After the recent defection of prominent Republicans on the Iraq war, the big question in Washington is who might be next.
More than a dozen Republican senators who are running for re-election next year head the list of lawmakers to watch. But others, too, have expressed concerns that the GOP has grown increasingly vulnerable on the issue. As the clock ticks toward Election Day, voter pressure is building against any lawmaker still standing with President Bush on the war.
A woman accused of running a prostitution ring in the nation’s capital is free to distribute thousands of pages of phone records after a federal judge lifted a restraining order on Thursday.
U.S. District Court Judge Gladys Kessler’s order granted the request of Deborah Jeane Palfrey, 51, of Vallejo, Calif., to quash restrictions by government prosecutors that prohibited her from giving away the list.
“As a result, Jeane has determined to release those records under certain conditions to qualified individuals or organizations,” wrote her attorney, Montgomery Blair Sibley, in an e-mail.
U.S. Sen. Joseph Lieberman, an independent who supports Democrats in Congress despite his backing of the Iraq war, said on Thursday he was not ruling out endorsing a Republican in the White House race.
The 2000 Democratic vice presidential candidate said he also wants to see if an independent enters the crowded field of 2008 presidential hopefuls.
“I’m going to chose whichever candidate that I think will do the best job for our country, regardless of the party affiliation of that candidate,” the Connecticut senator told reporters in the state capital Hartford.
Another veteran Republican senator Thursday broke with President George W. Bush over Iraq, days before a new war powers tussle was due to start in Congress.
New Mexico Senator Pete Domenici, a senator for more than three decades, up for reelection in 2008, was the third Republican elder statesman to publicly turn against the president’s troop ‘surge’ policy within 10 days.
“I am unwilling to continue our current strategy,” Domenici said at a news conference in Albuquerque, New Mexico, blaming the Iraqi government for not making sufficient progress to merit the sacrifices of US troops.
The hypocrisy is unpardonable. President Bush’s decision to commute the sentence of a convicted liar brought out the worst in both parties and politics.
In keeping I. Lewis “Scooter” Libby out of jail, Bush defied his promise to hold wrongdoers accountable and undercut his 2000 campaign pledge to “restore honor and dignity” to the White House. And it might be a cynical first step toward issuing a full pardon at the conclusion of his term.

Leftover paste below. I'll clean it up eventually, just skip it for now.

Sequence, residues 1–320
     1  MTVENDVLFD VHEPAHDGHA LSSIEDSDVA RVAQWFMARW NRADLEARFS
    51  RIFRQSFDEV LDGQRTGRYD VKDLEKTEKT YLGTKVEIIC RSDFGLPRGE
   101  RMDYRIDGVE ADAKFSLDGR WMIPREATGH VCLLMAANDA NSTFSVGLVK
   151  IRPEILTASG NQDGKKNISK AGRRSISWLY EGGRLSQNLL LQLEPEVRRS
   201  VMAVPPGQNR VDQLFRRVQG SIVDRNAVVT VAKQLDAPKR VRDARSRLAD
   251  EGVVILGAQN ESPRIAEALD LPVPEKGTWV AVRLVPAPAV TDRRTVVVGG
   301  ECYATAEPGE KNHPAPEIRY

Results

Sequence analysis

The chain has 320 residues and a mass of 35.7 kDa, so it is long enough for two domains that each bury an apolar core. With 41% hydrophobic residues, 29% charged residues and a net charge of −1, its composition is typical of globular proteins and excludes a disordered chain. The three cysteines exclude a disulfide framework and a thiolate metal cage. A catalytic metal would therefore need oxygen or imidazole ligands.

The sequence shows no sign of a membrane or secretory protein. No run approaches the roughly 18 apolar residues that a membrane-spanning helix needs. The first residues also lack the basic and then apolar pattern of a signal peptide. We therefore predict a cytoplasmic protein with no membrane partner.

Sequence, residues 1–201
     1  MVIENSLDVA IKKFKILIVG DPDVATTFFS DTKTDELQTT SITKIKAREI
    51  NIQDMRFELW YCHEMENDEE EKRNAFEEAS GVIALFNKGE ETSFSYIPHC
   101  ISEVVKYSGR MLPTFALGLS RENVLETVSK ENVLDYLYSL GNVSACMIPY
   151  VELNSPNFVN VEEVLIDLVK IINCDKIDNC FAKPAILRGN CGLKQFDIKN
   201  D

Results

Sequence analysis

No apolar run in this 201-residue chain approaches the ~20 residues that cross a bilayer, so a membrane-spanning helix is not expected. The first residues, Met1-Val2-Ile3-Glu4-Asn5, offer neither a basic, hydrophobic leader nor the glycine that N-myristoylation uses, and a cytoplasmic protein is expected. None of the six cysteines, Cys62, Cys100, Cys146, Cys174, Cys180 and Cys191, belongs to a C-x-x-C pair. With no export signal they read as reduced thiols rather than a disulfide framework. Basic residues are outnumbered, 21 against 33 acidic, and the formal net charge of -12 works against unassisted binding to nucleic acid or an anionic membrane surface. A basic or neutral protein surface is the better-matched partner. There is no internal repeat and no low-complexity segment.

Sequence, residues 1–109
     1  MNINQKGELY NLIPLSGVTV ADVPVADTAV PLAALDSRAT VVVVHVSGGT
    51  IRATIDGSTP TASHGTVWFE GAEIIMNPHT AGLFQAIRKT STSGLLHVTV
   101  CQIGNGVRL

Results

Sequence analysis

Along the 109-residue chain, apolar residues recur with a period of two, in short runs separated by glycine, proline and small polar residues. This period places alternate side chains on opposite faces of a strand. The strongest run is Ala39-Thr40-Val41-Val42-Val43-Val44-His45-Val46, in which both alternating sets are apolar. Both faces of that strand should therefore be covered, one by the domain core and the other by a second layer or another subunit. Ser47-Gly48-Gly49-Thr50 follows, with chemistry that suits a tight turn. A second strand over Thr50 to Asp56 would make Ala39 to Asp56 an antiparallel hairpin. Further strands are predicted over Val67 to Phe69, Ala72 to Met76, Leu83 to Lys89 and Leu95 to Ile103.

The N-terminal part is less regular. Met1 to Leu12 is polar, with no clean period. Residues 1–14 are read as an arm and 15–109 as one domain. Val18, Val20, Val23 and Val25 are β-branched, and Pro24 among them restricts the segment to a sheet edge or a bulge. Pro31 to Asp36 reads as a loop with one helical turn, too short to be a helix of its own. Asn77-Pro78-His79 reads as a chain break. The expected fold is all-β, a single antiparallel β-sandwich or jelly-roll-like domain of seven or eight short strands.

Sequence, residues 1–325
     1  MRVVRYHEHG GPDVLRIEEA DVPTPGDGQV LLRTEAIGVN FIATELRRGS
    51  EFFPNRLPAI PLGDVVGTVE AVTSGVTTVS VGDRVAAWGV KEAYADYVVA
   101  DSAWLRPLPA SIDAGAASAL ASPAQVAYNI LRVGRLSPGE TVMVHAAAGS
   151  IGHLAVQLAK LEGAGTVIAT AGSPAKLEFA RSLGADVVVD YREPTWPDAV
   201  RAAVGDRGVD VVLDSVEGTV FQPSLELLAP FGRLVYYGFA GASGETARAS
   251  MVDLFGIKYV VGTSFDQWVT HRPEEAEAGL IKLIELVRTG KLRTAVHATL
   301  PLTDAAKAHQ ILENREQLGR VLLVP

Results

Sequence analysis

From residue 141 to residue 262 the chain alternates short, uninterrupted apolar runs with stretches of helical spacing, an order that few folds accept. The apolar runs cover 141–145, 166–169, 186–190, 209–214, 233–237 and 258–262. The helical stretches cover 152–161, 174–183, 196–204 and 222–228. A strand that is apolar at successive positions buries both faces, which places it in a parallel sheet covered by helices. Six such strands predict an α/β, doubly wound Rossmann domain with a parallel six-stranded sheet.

Democrats responded as if they don’t live in glass houses, decrying corruption, favoritism and a lack of justice.
Pressure on the US administration to start pulling out of Iraq deepened Sunday with one of the Senate’s most respected Republicans calling for an “orderly” withdrawal of troops in the months ahead.
Richard Lugar, the most senior Republican yet to break ranks with President George W. Bush over the war, said Bush should embrace moderates from both sides in Congress to chart a new strategy focused on diplomacy.
The July Fourth fireworks over the Washington Monument are nothing compared with the sounds of battle accompanying an uncommon war raging on Capitol Hill, gun-rights Web sites and radio talk shows.
Under fire is the National Rifle Association’s embrace in June of what some are calling the most important gun-control measure passed in the House in years.
Democrats took the first steps Friday in what could be a long march to court in a tug-of-war between the White House and Congress over subpoenas and executive and legislative branch powers.
In a letter to White House counsel Fred Fielding, the heads of the Senate and House Judiciary committees demanded an explanation in 10 days of why the White House claimed executive privilege on subpoenaed documents and vowed to invoke “the full force of law.”
Senate opponents did more than just vote against immigration reform. They voted in favor of letting a serious situation get even worse.
An attempt to stop debate on the controversial measure and bring it to a final vote, where passage was by no means certain, fell 14 votes short of the 60 needed. Without the Senate going first, the House won’t even try.
That means another attempt at immigration reform probably won’t come until sometime after the 2008 election.
The Senate meted out a severe blow to President George W. Bush Thursday, blocking a landmark immigration reform seen as one of his last, best hopes for a legacy-boosting second term victory.
In a stunning defeat for the bid to grant a path to citizenship for 12 million illegal immigrants, Senators voted 53 to 46 against keeping the bill alive, likely ending congressional action on the divisive issue before 2009.